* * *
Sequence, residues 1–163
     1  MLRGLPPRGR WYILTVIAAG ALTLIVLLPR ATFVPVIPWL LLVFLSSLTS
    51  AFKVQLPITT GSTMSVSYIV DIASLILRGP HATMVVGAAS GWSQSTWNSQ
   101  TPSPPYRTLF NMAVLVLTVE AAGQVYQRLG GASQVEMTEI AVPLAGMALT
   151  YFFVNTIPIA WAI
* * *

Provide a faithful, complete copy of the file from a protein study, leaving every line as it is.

Sequence, residues 1–163
     1  MLRGLPPRGR WYILTVIAAG ALTLIVLLPR ATFVPVIPWL LLVFLSSLTS
    51  AFKVQLPITT GSTMSVSYIV DIASLILRGP HATMVVGAAS GWSQSTWNSQ
   101  TPSPPYRTLF NMAVLVLTVE AAGQVYQRLG GASQVEMTEI AVPLAGMALT
   151  YFFVNTIPIA WAI